Q: Where is Senegal? That’s in Africa, right?

A: Yes! Good job remembering your 6th grade geography! (side note: Our 6th grade Geography teacher once gave us a blank map of Africa and we had to fill in each country, capital, and major land form for a test.ย  Raise your hand if you remember anything besides Djibouti, Djibouti from that test.) Anyway, Senegal is the Westernmost country in Africa and its capital, the port city of Dakar, is the gateway to Africa from the Western world.

Alas! Visual aid!

In my humble opinion, Senegal looks like a praying fetus.

Q: Where will you live?

A: During training I will be living with a host family in Dakar or in a compound with other PCVs (Peace Corps Volunteers <- learn the lingo). Once I am placed in my village I will most likely live with a host family, usually of respectable status within the community. I will live in their family compound, but have my own personal living quarters (a mud-brick hut, complete with grass roof!!).

Q: Will you have electricity, phone or internet?

A: No, probably not, and again mostly likely no. At least not in my village. I will be able to travel to town where I can pay for phone and internet services (I get a bike to ride!!) but most of those eccentricities will not be available to me on a daily basis.

Q: How will you shower?

A: Two words: bucket bath ๐Ÿ™‚

Q: Will there be other American’s with you in your village?

A: Possibly, but not likely. It’s not likely that there will be anyone that speaks English. Here’s to hoping some of the villagers even speak French.

Q: How much are you getting paid to do this?

A: Hahahahahahaah paid. Good one.

There are many more questions that I have somewhat plausible, though mostly vague answers to, but I am quite tired and must retire to my bed. I will answer more tomorrow!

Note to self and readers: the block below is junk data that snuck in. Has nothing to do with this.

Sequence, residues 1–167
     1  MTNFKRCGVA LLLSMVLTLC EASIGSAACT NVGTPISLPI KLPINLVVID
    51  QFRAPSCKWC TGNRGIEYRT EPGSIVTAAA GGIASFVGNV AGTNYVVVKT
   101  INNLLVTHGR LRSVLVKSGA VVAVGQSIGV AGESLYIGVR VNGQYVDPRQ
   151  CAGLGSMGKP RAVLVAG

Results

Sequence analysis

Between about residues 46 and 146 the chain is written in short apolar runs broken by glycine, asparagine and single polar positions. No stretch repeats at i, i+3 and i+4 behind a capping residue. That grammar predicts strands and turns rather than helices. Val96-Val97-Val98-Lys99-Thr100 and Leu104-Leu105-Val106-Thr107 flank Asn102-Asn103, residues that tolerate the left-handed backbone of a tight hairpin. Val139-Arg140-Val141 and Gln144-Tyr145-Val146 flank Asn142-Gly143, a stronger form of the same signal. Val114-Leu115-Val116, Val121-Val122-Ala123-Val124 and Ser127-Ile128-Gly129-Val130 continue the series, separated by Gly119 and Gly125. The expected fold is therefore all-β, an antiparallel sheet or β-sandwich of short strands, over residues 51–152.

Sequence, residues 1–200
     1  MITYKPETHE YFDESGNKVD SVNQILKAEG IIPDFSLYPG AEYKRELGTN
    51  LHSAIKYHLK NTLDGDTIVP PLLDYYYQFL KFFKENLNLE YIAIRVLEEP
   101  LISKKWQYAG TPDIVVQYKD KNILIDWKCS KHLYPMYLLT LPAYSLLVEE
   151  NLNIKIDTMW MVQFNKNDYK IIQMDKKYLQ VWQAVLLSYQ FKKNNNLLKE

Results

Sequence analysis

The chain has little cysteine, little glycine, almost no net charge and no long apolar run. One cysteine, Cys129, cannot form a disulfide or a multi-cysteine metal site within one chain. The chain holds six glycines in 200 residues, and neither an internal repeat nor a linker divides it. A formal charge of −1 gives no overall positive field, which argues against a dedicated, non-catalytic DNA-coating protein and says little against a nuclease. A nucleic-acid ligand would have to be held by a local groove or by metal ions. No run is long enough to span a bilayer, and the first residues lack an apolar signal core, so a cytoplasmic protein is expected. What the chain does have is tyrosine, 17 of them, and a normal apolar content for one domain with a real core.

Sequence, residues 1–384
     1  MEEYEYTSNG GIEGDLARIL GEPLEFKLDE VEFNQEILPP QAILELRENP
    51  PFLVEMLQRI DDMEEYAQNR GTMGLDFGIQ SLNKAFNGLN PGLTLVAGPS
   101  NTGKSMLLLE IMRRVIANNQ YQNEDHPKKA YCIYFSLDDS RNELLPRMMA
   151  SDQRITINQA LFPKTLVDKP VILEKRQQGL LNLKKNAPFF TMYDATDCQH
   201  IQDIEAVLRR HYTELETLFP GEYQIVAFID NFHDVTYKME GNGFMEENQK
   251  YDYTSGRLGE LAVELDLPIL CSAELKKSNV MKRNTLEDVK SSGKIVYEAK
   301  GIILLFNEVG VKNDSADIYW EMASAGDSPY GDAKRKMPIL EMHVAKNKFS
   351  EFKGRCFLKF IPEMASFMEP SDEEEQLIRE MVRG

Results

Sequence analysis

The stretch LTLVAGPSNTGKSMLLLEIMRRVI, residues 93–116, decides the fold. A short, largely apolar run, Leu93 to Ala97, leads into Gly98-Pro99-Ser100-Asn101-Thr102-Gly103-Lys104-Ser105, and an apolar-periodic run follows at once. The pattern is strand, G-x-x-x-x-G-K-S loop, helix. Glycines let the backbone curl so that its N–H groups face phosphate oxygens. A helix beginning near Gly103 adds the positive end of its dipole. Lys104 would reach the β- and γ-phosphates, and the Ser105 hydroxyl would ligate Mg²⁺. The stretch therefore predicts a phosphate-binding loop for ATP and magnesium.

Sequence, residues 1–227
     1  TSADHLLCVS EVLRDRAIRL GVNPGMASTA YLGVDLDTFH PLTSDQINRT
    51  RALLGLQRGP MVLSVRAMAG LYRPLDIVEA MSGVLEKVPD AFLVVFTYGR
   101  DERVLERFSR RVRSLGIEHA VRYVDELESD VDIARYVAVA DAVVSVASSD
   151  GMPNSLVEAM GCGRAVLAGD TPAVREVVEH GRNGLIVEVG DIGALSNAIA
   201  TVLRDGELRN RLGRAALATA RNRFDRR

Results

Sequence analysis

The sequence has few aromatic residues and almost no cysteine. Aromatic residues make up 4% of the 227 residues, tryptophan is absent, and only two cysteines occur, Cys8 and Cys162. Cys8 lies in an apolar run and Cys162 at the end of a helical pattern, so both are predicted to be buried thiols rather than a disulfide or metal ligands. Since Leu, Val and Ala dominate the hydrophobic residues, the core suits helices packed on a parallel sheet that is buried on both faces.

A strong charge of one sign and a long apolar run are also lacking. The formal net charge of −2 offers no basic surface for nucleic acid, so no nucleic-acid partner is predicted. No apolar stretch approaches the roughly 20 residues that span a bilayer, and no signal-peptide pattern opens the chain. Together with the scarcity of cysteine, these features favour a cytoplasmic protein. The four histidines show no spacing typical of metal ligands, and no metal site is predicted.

More in a minute.


If someone could please find these, and buy about 100 bars for me… I’d greatly appreciate it.


A while ago…

This post was originally titled “lately”, but then my picture uploader stopped working and I wasn’t able to post it until just now. So here’s a little recap of things that happened a while ago in pictures.. because pictures are more fun.

I played my last lacrosse game as a Seminole. We beat UCF for the first time in the 4 years I have been here.

That felt good.

A lot of this happened…

…eating that is.

And they smile sometimes between bites.

Using my food baby as a table top for maximum food intake happened.

Balanced with a glass of red wine of course.

Work has happened a lot.

Thats Paulette. She’s the black grandma we never had.

Stephen’s birthday party at the barn happened.

Doesn’t he look thrilled?

An insect (and reptile?) attack happened during the party. Madness ensued.

We survived… barely.

While all my teachers were at an Archaeology conference (what?!) I had a week off and went home!

Lunch in Melbourne with the hottest Gramie and some other hunk happened.

She’s where I get all my good looks from ๐Ÿ˜‰

These guys aren’t so bad either.

In our family… matching usually happens coincidentally.

Domination of this happened too. All by myself.

Yes, that was gluten free, amazingly.

While home, a little walk around Lake PeePee happened. That is actually the name of the retention pond in our neighborhood, according to our neighborhood directory. No lie.

And I saw one fatty of a catfish.

I love Oviedo.

Then a stroll down to Pappy’s Patch for some strawberry pickin’ happened!

All my strawberries received 10’s from the judges (Doc and I).

Also, just because they’re funny…